Austin Shakespeare’s production of Old Times, a Harold Pinter play, is just getting started. Director Ann Ciccolella takes us behind the scenes of what it’s like creating Pinter’s world of Old Times.
Nobel Prize-winning playwright Harold Pinter is a master of theater. His dialogue zigs and zags in surprising directions—and in Old Times, memory is the central spike. Pinter’s characters are continually vying to gain power positions over one another. For me as director, style is the aesthetic pleasure of this work. Pinter began writing poetry at age 12 to assuage his broken heart over his first love. He wrote hundreds of poems before his first play and continued to his death in 2008. My attraction to Old Times lies in the characters, and particularly in how they speak—oftentimes in surprising patterns. This script unfurls like a long dramatic poem. We hope you recall your own romantic memories here, and are drawn into an intriguing journey with a playwright who relishes language.
Now that we are in front of audiences we are discovering it’s true, Pinter’s Old Times is a comedy of menace, studded with powerful pauses and silences. People are laughing—different times each time—but nonetheless getting the ironies. College students have been responding positively, experiencing a masterpiece of rarely performed theater. Actors are having a fabulous time dancing around the ambiguities of their romantic triangle.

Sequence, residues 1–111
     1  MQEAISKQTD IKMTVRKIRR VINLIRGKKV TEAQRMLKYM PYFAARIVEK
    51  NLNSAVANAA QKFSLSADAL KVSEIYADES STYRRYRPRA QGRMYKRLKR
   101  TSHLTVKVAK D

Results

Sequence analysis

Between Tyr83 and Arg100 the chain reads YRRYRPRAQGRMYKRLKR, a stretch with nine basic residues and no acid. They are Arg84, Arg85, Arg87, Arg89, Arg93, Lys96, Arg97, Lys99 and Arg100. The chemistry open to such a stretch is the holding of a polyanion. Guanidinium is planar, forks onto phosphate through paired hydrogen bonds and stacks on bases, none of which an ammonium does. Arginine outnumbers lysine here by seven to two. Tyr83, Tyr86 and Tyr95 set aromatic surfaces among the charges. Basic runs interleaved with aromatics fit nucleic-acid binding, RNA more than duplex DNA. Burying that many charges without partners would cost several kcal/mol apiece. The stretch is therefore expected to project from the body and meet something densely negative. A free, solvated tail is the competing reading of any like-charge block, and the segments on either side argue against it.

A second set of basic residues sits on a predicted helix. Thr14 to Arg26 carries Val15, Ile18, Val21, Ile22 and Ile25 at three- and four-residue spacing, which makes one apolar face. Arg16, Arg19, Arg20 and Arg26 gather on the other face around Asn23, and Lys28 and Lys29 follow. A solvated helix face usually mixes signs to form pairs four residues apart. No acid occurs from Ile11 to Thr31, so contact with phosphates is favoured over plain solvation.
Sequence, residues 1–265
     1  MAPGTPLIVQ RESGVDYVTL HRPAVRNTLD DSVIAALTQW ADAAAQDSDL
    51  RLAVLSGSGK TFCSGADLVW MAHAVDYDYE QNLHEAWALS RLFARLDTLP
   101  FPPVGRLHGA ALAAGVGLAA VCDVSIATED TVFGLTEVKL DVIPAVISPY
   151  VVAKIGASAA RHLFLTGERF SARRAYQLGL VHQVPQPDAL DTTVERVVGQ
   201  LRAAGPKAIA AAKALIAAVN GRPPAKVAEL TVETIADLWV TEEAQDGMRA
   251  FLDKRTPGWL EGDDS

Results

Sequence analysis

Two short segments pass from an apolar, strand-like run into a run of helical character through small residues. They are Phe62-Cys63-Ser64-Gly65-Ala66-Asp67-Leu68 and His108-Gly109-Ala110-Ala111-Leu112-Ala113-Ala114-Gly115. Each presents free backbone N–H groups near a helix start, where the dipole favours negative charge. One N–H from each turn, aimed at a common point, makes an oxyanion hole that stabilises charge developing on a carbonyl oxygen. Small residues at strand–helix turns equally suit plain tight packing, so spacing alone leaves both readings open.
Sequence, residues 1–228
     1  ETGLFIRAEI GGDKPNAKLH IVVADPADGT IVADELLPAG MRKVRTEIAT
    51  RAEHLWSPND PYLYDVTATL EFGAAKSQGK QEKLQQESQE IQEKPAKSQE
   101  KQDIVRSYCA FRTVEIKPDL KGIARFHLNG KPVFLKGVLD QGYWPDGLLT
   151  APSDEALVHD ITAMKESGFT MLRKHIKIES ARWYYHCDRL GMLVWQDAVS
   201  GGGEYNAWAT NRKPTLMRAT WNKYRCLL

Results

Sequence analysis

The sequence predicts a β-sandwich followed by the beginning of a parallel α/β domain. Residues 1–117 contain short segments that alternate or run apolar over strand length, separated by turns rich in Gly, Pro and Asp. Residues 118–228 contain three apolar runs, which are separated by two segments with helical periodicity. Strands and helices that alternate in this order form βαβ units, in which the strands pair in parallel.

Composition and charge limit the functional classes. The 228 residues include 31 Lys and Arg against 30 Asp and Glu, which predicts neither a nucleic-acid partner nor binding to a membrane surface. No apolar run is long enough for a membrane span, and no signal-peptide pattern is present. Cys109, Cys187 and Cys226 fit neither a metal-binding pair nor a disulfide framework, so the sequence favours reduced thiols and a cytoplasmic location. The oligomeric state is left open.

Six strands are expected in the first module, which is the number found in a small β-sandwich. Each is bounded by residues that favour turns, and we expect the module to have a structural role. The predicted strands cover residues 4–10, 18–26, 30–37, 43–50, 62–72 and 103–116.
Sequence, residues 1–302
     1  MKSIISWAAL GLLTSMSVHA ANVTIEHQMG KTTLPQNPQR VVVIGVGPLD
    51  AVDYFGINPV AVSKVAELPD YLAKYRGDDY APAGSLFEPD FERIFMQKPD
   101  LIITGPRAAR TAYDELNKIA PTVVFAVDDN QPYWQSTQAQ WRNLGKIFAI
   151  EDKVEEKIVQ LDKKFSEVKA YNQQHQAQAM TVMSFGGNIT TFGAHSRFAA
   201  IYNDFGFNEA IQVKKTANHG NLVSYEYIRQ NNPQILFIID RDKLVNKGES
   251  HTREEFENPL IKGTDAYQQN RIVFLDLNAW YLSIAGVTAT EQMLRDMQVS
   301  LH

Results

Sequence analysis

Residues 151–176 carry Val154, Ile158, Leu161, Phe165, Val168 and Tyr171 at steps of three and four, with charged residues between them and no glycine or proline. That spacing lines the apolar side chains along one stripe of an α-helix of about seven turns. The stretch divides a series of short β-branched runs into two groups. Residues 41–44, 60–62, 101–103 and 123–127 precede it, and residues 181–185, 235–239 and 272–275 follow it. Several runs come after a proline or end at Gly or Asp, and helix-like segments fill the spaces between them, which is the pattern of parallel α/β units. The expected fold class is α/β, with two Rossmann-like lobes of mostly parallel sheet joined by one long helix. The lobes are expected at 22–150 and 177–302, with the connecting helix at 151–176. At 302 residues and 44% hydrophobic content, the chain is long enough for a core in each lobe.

We are also having a blast with lines from mid-twentieth century songs: Lovely to look at, Blue Moon / They can’t take that away from me / All the things you are / I get no kick from champagne / Smoke gets in your eyes / These foolish things / Just the way you look tonight. One of our actors, Jill Blackwood has starred in tons of musicals, most recently at Zach Theatre, but her dark mysterious portrayal in Pinter is far from Mary Poppins.
Another welcome surprise is the positive response to the lighting by Patrick Anthony and how it transforms the stage with the audience sitting in the round, especially during crucial confrontations.
Just before we opened we realized that we should note that, although there is no nudity in the show, it is suggested for “Adult Audiences.”
Every performance of an Austin Shakespeare show includes a post-performance audience discussion, oftentimes with special guests. On opening night we heard from UT English professor Dr. Elizabeth Richmond Garza. You never know what audiences are going to say and especially with a highly poetic ambiguous play like Pinter’s.
Notice that the bar features a specialty cocktail: “The Pinter Pause,” with delicious new Banner’s wheat whiskey! The entire performance is less than 90 minutes. And you can pre-order your drink at the top of the show and it will be waiting for you at intermission!
Just last year, Academy Award-winner Clive Owen played “Deeley” in Roundabout Theatre’s production of Old Times. “I find it very funny,” said Owen. “Often the funniest things come out of the toughest but totally truthful situations. There’s twisted humor in it and all of the humor comes out of honesty.”
Austin Shakespeare is presenting Old Times in Rollins Studio Theatre through March 5. Come enjoy a “Pinter’s Pause” with us!